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News Southern Miss Performing Arts gears up for new digital...

Southern Miss Performing Arts gears up for new digital experiences

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The University of Southern Mississippi’s School of Performing and Visual Arts (SPVA) has recently announced its plans to revise its fall season line-up by offering immersive digital experiences to the community.

Although a trip to the theater may look a little different this season, the SPVA approaches the challenges brought on by the COVID-19 pandemic by offering virtual tours of art exhibitions, hosting outdoor dance concerts and broadcasting live theatrical performances. 

“We have reimagined the experience,” director of the SPVA Stacy Reischman Fletcher said. “[We] are back and busy doing what we love to do, which is to create and share our exhibitions, dance concerts and theatrical productions for our audiences.”

The SPVA launched its virtual 2020 Biennial Faculty Show on Sep. 10, which features works of art created by the Art and Design faculty. These virtual showrooms are open to the public, as individuals are encouraged to immerse themselves in the arts from the safety and comfort of their own homes. By offering virtual tours, the school enables themselves to share their exhibits and events with individuals at both local and national levels.

“Rather than having physical gallery exhibitions this fall, we decided that it would be best to move our exhibitions online.” Mark Rigsby, associate professor and gallery director, said. “I chose to see this not as a limitation, but as an opportunity to share our exhibits and events not only with the local community, but with audiences on a national scale.”

For dance, this semester has presented many new challenges, but the creativity of the dancers and fellow faculty members has been inspiring.

“We have built a new outdoor stage for our senior solos to be performed, and the juniors are working on an outdoor site specific concert,” Lauren Smith, Assistant Professor of Dance, said. “Both of these will be pre-recorded and streamed online for our audience[,] and we can’t wait to see how this ignites future dance making.”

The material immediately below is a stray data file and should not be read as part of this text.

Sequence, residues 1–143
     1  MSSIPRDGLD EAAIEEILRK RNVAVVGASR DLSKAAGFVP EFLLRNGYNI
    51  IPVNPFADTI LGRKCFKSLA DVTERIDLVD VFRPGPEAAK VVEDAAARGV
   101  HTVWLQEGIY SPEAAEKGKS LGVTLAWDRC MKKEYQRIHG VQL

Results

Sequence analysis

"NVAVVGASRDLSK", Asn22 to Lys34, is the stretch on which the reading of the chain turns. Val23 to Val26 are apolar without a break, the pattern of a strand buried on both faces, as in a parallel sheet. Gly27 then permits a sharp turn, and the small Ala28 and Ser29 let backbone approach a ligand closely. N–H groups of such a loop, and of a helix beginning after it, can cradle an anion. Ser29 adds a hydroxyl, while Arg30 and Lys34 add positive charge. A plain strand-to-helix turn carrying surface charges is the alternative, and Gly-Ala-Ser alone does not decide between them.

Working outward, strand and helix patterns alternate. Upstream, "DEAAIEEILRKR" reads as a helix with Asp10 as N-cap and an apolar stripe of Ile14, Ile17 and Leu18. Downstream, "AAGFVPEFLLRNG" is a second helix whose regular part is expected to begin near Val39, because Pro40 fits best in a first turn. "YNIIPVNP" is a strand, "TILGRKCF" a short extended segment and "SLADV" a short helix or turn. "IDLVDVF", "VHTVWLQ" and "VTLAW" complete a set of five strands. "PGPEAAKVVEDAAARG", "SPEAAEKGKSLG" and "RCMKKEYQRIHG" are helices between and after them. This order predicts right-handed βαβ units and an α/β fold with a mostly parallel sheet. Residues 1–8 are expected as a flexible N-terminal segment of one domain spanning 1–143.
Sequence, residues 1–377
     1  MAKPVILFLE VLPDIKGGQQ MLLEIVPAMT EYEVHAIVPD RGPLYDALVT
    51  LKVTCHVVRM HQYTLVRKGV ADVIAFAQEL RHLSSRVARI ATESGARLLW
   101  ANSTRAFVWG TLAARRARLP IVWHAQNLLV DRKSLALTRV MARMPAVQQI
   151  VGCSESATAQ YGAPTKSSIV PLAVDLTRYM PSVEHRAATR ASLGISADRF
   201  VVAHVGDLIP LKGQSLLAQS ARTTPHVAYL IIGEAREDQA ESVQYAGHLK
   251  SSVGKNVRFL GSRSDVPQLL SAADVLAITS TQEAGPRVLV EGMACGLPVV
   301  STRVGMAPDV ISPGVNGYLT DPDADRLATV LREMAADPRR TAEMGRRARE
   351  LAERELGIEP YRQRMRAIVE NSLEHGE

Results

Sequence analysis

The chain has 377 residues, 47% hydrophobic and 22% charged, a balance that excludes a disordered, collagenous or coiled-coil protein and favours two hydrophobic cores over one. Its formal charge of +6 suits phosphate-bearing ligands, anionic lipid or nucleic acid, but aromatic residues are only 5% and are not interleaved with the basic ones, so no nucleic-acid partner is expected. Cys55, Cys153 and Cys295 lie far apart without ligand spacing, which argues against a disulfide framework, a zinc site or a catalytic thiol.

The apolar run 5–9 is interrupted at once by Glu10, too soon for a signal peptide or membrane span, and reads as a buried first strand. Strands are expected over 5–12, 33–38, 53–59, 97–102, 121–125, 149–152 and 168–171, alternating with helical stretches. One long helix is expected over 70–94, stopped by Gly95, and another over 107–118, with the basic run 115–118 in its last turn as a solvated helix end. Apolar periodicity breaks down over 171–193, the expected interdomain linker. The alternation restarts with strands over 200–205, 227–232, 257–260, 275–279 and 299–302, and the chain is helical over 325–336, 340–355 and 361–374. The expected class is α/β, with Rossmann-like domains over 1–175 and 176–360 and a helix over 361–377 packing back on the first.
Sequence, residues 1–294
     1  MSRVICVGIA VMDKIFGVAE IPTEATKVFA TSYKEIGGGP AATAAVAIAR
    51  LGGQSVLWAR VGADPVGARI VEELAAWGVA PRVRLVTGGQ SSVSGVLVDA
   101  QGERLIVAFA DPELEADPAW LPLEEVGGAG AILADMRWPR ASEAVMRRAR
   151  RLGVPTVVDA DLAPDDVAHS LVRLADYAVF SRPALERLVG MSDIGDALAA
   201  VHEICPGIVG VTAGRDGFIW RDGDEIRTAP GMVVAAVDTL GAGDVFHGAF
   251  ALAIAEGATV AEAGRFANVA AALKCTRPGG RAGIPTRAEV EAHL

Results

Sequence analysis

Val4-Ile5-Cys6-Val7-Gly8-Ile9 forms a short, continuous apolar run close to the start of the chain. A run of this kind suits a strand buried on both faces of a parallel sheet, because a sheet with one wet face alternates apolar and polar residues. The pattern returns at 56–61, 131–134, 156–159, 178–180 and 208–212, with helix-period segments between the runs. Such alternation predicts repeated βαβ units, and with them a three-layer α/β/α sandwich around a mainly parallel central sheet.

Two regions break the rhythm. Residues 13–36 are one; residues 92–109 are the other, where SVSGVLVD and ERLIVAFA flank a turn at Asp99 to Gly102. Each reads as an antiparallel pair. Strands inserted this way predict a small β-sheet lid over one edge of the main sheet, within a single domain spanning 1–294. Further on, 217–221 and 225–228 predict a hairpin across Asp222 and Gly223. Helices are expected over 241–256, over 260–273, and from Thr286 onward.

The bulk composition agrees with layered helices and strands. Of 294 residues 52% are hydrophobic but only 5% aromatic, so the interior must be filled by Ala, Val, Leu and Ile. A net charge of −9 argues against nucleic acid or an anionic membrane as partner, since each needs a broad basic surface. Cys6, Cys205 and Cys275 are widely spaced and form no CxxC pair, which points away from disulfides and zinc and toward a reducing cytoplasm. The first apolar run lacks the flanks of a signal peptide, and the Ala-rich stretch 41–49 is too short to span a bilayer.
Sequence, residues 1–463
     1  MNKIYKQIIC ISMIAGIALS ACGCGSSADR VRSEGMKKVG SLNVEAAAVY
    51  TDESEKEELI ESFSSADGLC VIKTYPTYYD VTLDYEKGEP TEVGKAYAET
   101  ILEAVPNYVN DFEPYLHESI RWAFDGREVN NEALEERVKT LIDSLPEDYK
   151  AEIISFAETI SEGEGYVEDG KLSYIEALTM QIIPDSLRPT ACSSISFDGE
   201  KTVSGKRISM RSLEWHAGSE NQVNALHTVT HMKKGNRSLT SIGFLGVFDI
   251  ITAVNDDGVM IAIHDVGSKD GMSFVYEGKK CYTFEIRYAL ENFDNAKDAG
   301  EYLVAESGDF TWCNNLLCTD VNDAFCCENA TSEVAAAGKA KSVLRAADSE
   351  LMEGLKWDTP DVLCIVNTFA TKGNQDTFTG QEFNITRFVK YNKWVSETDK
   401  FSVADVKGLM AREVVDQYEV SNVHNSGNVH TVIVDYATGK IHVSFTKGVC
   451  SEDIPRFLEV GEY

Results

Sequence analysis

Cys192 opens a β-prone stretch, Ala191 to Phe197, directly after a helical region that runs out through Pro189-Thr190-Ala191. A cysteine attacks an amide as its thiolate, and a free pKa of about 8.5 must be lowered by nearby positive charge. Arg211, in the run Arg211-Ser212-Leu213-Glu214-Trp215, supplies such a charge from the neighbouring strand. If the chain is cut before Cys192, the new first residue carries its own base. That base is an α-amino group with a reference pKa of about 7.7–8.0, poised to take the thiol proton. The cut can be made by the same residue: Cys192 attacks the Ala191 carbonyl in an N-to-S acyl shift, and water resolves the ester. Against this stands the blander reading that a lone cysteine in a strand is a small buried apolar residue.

This is especially good news for junior and senior dance majors, who were afraid that the pandmeic meant they would be unable to complete their final choreographic projects. Smith is similarly excited that her students will still be able to finish these projects in otherwise unusual circumstances. 

“By allowing our students to still be able to embark on their junior and senior choreographic projects, we have come up with some alternative and exciting ways for people to view dance,”Smithsaid.

As a result of the ongoing pandemic, the Theatre program is also transitioning from live performances to live broadcasts. Technological advances in theatre have made it possible for the productions to continue in a socially-distanced manner with relative ease. The season started on Sept. 24 with Lauren Gunderson’s ‘The Revolutionists,’ and will continue with productions of ‘We’re Still Here’ and ‘Describe the Night’. 

“Our performances and crew will be performing in real-time as the audience watches, just as in a regular theatre,” David Coley, Assistant Professor of Theatre, said. “Though our actors will be performing in separate spaces, our technology will bring together their performances.”
For the virtual showroom and more information regarding tickets for upcoming events, visit usm.edu/spva.

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